Karel: “To experience a very good Wild ale is an intellectual feat, and given the complexity of producing a Wild ale as opposed to a ‘clean’ beer, expresses itself in your glass.“
Which are the distinguishing characteristics of this type of craft beers? Is there a way to say if we’re having a Wild ale without even looking at the label?
Mattias: „So as any style of beer could be made into a wild beer many things are similar, but a few things are different. The most important part is the aroma. Wild yeast makes very different flavors, especially if you age the beer for a longer period of time. Wild yeast has the capability of making the beer much drier, because it can ferment much more than the “normal” lab yeasts. This means that Wild ales are always less sweet then regular craft beers. This allows for much more subtle aromas and flavors to become apparent. Bitterness and sourness are more pronounced and aromas are more noticeable. Also as the beer ages, very often aromas that remind you of a farmhouse can appear. Fragrances like hay, leather, barnyard and other so called ‘funky’ scents.
A good point to make, which is very often misunderstood, is that not all Wild ales are sour. Some are, but some are not. For instance, a Grisette – an old Belgian style of beer, if fermented with a mixed culture, due to the lower fermentation temperature and higher hopping rate, it would not become sour. Our “Weide” is a very good example of this style of Wilde ale. But if you have a lower hopped beer or aged in barrels for a long time, you will get a typical sour character in the beer. Our barrel aged Saison called “Rust” shows this sour character very well. So if the beer is sour or not really depend on the process.“
Karel: „Wild beer could go from extremely subtle and with great finesse like Nevel’s summer releases to funky, barnyard sour fests… It is all in the eye of the brewmaster and they are far from boring! Some say it is an acquired taste with others just loving the complex structure of the beers. It depends how the consumer responds to the sourness of the product.“
Why do they go so well with food and what dishes are accompany them best?
Mattias: „I think Wild ales go perfect together with food. Wild ales are always dry, which cleans the palette and makes you ready for another bite. Also Wild ales tend to have more subtle complexities. Many modern craft beers are very extreme. Lots of hops or very high in alcohol with lots of crazy extra ingredients. This is hard to pair, because it overrules the dish too fast. The subtlety of many Wild ales gives room for a perfect match, supplementing the delicate flavors of vegetables or herbs in the dish, while still being interesting enough to create a symbioses with the dish.
In general you can pair more sour Wild ales with fattier and heavier dishes. During the event, the collab we made with White Stork called “Borderless” was paired with duck magret with a chutney made with pineapple, mango, saffron and the same types of chilies that are in the beer. While the more bitter ones are good to pair with fresher dishes with lots of vegetables. Our house Saison “Alm” for instance works very well with green vegetables, but also with mushrooms. The ‘inbetween’ Wild ales that have both a little bit of bitterness and sourness can be consumed with a very wide array of dishes. Also they can work well with desserts, or as a nice aperitif.“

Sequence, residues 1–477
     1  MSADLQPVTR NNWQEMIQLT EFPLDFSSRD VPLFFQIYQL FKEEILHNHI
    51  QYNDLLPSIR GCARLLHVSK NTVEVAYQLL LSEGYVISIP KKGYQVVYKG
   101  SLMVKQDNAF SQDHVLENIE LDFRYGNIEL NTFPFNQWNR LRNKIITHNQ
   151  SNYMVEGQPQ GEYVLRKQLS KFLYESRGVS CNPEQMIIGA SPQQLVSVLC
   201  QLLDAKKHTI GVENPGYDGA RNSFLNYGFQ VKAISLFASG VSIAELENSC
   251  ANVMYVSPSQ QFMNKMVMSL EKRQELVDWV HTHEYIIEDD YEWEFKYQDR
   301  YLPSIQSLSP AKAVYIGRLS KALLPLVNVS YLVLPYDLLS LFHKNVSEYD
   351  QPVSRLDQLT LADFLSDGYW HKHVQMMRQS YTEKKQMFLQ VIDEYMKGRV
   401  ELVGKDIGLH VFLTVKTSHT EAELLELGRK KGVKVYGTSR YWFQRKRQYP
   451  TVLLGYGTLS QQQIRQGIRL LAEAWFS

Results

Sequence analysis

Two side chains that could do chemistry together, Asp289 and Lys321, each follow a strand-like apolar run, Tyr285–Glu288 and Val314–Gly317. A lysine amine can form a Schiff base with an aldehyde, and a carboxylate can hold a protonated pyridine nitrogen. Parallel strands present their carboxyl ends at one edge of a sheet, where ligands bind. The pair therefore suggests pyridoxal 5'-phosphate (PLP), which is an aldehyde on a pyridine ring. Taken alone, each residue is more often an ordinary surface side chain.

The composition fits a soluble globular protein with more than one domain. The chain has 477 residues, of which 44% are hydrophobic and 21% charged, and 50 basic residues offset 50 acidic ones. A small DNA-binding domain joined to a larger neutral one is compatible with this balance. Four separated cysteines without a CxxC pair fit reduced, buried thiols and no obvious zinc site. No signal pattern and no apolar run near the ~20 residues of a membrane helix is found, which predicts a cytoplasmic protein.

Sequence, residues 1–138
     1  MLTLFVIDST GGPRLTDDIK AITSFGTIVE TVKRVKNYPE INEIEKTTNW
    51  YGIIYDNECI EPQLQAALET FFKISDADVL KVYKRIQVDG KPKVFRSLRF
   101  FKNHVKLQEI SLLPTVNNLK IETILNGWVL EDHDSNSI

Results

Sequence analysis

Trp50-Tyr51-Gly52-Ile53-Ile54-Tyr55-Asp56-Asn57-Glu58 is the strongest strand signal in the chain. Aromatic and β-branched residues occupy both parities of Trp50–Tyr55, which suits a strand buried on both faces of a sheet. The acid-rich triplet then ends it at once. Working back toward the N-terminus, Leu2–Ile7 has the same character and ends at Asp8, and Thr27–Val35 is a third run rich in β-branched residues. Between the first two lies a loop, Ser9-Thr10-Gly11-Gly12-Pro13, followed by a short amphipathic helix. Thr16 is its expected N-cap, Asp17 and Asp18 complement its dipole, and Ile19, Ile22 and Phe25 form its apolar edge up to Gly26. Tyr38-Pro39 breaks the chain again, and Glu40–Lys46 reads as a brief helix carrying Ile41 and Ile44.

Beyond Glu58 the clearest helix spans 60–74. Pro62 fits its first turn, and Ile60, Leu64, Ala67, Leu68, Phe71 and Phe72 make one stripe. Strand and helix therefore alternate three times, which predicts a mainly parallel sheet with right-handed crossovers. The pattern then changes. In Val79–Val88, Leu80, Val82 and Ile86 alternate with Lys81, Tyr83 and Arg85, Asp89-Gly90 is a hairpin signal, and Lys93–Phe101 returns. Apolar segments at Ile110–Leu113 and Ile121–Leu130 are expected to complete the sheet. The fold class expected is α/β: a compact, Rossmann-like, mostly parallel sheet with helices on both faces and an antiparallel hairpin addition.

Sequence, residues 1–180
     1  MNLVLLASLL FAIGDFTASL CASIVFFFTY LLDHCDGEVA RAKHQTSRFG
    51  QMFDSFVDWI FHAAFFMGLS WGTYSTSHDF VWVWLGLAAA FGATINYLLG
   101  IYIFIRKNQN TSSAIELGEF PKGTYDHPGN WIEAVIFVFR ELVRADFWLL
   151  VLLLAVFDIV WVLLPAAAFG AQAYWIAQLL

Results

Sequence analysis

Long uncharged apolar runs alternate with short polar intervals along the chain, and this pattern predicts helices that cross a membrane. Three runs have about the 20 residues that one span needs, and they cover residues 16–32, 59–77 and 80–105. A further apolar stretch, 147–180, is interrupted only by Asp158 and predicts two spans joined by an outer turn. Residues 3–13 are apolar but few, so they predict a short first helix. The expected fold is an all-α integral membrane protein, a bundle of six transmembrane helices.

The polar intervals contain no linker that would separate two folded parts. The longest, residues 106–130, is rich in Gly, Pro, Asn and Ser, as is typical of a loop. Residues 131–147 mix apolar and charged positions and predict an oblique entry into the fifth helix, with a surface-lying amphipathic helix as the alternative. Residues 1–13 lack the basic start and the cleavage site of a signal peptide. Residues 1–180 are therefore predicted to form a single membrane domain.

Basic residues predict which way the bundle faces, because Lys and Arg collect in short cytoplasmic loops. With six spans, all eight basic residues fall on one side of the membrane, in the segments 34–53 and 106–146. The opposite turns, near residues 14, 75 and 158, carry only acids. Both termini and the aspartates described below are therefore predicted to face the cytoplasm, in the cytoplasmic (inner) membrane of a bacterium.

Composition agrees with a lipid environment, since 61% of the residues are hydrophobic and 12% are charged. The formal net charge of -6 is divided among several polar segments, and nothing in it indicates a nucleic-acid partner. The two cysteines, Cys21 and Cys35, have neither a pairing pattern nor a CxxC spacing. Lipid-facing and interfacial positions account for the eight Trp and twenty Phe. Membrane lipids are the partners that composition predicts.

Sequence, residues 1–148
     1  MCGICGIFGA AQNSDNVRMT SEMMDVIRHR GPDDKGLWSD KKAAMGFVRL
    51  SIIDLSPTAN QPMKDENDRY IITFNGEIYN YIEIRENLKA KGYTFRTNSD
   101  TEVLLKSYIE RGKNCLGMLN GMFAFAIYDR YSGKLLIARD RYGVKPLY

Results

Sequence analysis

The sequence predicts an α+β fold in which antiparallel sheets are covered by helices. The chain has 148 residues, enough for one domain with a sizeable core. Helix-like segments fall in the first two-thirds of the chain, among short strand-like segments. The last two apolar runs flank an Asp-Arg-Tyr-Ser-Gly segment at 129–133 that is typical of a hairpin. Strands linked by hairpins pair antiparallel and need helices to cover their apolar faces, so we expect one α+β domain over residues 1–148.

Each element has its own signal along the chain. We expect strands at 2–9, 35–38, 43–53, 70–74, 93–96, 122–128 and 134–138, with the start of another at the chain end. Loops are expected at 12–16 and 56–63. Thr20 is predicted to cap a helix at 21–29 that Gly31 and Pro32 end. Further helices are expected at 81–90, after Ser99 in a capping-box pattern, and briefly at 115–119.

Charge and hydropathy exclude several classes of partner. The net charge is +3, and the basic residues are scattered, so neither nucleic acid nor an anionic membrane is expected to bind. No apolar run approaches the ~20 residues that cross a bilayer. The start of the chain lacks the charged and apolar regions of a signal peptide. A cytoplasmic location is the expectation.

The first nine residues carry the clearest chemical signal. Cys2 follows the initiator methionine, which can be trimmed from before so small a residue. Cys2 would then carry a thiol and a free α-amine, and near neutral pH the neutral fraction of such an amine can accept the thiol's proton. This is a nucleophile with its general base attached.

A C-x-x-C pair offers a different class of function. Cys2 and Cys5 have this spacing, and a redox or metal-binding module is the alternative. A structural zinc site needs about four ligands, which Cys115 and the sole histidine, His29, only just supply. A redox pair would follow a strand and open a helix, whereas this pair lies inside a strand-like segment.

Karel: „‘Clean’ beers do not always require food, when not too hoppy having a quick beer is easy without food. I tend to like my very expressive beers paired with food especially hoppy IPAs or heavy stouts. Wild ales like with wine require food, due to its complexity and compliment it perfectly. There are five characteristics you should look at when pairing food with wild ales: Body, Sweetness, Acidity, Tannins and Alcohol.
When tasting these beers you can feel the body in your palate – from light to heavy depending on the malts used and the way it was made. The lighter the body the lighter the food pairing, same with the other characteristics. With more pretty, acid Wild ales you may also pair it with heavier foods, tannins you may get from barrel aged beers or ones used with fruit, flowers or leaves whereas the alcohol explained simply comes from the amount of malt used in the brew.“
What does a Wild ale mean to you?
Mattias:: „Balanced and Complex“
Karel: „An alternative to wine in low alcohol form!“
What would you advise us, what is the best thing to do when having a Wild ale in order to fully enjoy the experience?
Mattias: „I really think Wild ales are best had in big bottle (75cl), sharing with friends with lots of amazing freshly made food on the table.“
Karel: „Good company and good food!“
If we managed to provoke your interest, you can try the new additions crafted by the brewmasters who shared this interesting information with us in restaurant Aubergine.